P ALM S PRINGS, CA - Felix Maguire is the 2006 recipient of the Aircraft Owners and Pilots Association's (AOPA's) Laurence P. Sharples Perpetual Award, given annually to a private citizen for the greatest selfless commitment to general aviation (GA) by a private individual. Maguire was presented the Sharples Award for his tireless leadership and commitment to aviation in the state of Alaska.
"Felix has worked relentlessly on behalf of general aviation in Alaska," said AOPA President Phil Boyer. "From improvements for VFR pilots - including the unprecedented establishment of a VFR route across the Bering Straits to Russia - to the cutting edge of instrument flight using ADS-B (automatic dependent surveillance-broadcast), Felix has used his broad aviation background to improve safety."
Maguire came to Alaska as a Royal Air Force officer on an exchange program with the U.S. Air Force in 1974, after flying fighter and transport aircraft around the world. A native of Ireland, he liked what he saw in Alaska and stayed. Volunteering his time and talent, Maguire became a regular speaker at aviation safety seminars.
After joining the Alaska Airmen's Association, first as a board member and later as chairman of the board, Maguire became a champion for a number of general aviation causes. Opening a VFR route between Alaska and Russia was one of the causes Maguire fought for.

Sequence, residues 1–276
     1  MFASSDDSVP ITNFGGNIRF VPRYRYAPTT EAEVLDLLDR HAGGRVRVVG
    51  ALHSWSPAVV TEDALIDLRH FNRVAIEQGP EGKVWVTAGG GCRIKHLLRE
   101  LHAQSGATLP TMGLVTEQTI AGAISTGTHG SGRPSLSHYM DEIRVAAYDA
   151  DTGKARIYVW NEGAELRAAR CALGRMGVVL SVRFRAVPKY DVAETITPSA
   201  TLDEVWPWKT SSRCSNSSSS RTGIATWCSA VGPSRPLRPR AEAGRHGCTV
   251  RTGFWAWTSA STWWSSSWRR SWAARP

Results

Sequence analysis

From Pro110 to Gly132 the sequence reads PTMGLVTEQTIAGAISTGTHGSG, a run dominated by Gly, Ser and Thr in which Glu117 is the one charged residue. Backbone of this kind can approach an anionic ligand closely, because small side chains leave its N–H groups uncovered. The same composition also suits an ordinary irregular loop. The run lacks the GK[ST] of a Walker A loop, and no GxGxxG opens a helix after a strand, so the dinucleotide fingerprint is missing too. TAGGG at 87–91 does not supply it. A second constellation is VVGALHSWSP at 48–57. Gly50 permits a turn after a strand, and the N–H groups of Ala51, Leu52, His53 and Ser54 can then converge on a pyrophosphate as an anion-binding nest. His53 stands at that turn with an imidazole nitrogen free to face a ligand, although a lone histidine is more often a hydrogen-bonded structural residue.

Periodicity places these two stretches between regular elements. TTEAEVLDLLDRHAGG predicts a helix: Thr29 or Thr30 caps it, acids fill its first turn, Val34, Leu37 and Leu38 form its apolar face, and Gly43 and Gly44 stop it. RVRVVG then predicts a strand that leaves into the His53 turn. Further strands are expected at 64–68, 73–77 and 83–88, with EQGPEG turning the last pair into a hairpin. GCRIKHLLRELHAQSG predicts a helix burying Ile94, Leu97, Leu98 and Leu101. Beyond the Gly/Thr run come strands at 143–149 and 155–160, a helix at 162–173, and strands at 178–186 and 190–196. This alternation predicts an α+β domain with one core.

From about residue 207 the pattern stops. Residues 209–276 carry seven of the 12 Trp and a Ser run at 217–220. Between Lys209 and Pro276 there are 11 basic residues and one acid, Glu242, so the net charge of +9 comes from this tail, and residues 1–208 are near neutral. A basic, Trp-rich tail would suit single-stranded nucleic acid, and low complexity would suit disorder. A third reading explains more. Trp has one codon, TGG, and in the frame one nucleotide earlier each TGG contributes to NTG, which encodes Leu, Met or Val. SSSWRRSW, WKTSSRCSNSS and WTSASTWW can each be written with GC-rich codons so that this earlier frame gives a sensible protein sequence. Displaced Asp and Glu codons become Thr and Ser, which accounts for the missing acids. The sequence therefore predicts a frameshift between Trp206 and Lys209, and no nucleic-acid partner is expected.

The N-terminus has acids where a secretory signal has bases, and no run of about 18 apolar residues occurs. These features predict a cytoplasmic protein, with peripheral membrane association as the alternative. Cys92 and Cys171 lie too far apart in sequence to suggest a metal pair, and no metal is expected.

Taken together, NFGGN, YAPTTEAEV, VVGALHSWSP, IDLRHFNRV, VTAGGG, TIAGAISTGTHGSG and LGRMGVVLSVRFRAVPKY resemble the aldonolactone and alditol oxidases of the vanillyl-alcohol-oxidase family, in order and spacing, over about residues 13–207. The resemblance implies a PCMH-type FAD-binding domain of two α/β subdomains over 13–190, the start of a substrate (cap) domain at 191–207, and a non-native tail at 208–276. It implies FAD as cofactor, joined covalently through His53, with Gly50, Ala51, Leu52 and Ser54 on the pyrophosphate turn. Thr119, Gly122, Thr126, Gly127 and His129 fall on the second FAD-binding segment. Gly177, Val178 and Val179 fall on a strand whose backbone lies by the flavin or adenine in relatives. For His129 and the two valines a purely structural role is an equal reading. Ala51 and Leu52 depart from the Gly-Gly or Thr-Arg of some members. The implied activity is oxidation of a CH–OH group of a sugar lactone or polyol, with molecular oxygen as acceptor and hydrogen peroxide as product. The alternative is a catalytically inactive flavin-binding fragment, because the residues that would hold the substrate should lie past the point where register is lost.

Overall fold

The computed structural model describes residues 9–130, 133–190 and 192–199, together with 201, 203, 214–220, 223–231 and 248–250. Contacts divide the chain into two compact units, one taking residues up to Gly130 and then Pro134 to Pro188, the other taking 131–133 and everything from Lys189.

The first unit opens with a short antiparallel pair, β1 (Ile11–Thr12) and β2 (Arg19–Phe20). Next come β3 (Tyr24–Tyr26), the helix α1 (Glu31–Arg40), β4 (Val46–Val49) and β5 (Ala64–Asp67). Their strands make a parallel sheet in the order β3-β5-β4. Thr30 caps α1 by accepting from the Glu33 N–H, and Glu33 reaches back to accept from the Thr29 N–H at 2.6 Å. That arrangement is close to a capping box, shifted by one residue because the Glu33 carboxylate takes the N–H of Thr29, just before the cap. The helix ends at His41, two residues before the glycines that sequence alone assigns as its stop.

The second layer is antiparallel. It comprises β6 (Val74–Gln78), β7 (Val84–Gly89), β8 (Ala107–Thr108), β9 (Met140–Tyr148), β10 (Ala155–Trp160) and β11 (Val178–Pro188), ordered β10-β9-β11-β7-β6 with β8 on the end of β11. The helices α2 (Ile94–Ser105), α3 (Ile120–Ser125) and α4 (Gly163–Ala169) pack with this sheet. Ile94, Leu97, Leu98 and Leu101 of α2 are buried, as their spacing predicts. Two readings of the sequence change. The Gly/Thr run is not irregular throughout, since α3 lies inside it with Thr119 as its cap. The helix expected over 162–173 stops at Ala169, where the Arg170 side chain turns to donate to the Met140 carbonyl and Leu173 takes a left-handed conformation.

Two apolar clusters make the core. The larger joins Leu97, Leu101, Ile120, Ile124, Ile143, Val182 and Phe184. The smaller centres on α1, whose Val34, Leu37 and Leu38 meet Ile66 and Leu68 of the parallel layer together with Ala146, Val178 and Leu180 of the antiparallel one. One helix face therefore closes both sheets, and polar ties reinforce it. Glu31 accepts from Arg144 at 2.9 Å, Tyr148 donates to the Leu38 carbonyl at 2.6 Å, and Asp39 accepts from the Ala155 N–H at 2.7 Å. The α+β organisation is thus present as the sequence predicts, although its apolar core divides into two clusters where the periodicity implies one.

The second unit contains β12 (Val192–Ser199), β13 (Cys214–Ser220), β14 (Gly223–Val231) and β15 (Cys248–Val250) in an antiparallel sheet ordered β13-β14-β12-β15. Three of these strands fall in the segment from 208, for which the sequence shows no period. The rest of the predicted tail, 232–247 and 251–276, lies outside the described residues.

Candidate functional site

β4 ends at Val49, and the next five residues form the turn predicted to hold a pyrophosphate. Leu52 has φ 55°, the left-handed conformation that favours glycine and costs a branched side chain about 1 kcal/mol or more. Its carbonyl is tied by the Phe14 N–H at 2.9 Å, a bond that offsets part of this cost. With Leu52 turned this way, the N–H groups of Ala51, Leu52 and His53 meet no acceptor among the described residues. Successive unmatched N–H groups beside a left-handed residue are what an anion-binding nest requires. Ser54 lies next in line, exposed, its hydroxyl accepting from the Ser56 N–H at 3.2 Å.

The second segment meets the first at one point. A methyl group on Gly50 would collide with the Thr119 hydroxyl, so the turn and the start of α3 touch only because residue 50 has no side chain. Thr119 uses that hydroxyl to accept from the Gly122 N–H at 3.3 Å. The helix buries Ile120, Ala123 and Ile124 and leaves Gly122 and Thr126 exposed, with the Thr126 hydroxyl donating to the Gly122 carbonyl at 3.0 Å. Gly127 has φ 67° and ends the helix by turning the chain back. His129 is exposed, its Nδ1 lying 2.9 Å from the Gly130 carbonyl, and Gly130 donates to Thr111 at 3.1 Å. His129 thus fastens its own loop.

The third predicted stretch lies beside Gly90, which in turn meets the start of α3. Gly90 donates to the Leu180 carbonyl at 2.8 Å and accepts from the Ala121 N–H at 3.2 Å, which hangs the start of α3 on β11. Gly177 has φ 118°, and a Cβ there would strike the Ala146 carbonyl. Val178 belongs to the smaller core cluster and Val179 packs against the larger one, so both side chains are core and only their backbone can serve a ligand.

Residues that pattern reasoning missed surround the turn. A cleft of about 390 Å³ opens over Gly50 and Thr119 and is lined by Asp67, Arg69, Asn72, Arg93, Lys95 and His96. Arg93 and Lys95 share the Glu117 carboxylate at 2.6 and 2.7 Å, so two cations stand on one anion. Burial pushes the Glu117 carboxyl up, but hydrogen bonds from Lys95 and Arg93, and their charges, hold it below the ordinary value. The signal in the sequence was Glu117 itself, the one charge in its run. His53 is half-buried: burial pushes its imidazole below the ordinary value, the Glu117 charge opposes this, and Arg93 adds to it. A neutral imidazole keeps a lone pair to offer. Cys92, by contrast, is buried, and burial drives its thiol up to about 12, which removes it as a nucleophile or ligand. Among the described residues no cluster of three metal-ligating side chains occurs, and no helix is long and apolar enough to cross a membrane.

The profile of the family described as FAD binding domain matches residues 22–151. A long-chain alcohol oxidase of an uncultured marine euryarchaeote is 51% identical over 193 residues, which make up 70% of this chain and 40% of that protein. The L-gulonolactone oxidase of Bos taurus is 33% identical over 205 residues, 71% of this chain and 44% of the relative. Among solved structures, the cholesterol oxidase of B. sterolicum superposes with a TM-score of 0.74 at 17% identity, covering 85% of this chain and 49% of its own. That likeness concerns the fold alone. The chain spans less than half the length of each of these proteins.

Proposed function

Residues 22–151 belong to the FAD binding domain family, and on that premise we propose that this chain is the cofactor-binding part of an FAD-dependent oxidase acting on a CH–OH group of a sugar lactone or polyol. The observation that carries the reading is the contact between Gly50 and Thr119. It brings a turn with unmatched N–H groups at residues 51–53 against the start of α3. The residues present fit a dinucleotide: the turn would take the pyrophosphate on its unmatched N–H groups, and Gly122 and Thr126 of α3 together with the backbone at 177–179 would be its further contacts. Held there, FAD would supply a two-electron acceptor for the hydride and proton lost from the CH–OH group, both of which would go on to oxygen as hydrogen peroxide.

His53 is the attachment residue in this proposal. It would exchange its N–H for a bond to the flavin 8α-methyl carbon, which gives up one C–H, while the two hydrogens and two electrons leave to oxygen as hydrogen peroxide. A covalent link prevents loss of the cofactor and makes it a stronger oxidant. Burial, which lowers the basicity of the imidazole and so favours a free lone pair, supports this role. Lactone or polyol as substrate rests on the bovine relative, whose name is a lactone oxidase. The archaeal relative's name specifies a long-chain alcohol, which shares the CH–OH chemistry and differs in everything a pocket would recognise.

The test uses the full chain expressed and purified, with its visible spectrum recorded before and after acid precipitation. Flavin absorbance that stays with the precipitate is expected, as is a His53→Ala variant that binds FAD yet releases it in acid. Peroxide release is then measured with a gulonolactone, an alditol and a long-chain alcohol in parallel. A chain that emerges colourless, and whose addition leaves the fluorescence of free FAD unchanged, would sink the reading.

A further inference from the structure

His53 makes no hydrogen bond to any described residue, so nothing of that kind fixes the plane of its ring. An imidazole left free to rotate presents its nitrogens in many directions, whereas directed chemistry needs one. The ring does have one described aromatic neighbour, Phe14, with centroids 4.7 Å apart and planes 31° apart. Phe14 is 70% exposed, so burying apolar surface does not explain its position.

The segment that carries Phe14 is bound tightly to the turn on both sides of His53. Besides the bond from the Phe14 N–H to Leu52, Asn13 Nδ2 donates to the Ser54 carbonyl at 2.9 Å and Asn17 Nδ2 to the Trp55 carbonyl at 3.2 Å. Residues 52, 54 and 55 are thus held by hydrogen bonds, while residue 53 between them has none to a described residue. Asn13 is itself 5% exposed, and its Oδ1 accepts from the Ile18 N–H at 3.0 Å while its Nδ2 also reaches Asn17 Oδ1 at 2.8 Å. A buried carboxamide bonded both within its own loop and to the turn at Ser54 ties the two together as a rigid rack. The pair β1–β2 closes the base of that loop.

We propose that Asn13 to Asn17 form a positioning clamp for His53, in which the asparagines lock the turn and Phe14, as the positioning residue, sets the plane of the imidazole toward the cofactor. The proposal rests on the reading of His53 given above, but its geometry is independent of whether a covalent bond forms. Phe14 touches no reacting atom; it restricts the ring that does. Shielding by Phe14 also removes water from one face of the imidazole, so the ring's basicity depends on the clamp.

Given the lack of small aircraft and non-commercial aviation in Russia, some of the early hurdles Maguire had to overcome were as fundamental as getting the Russians to accept a private pilot's license as legitimate credentials to fly in their country. By working with Russian and FAA officials, Maguire and the Alaskan Airmen's Association have made it is easier for GA pilots to push farther into eastern Siberia. Russian Air Traffic Route B369, with VFR border crossing procedures, is now published in the Alaska Supplement. Work continues to extend the route to Anadyr, and eventually Magadan and on to Japan.
Maguire is the civil co-chair of the Capstone Coalition, leading an effort to equip all Alaskan aircraft with ADS-B and WAAS (Wide Area Augmentation System)-enabled GPS equipment. During the early phases of Capstone, he pushed for general aviation pilots to be included in the initial demonstration program. He is proud of the 47 percent reduction in fatal accidents the program has achieved over five years in southwest Alaska.
Maguire also sits on the Governor's Aviation Advisory Board, providing input to state government on aviation issues, and on the Alaska Civil Military Aviation Council, where his military aviation background serves him well.
With more than 409,000 members, representing nearly two thirds of all pilots in the United States, AOPA is the largest, most influential aviation association in the world. AOPA has achieved its prominent position through effective advocacy, enlightened leadership, technical competence, and hard work. Providing member services that range from representation at the federal, state, and local levels to legal services, advice, and other assistance, AOPA has built a service organization that is without peer to any other in the aviation community.
November 11, 2006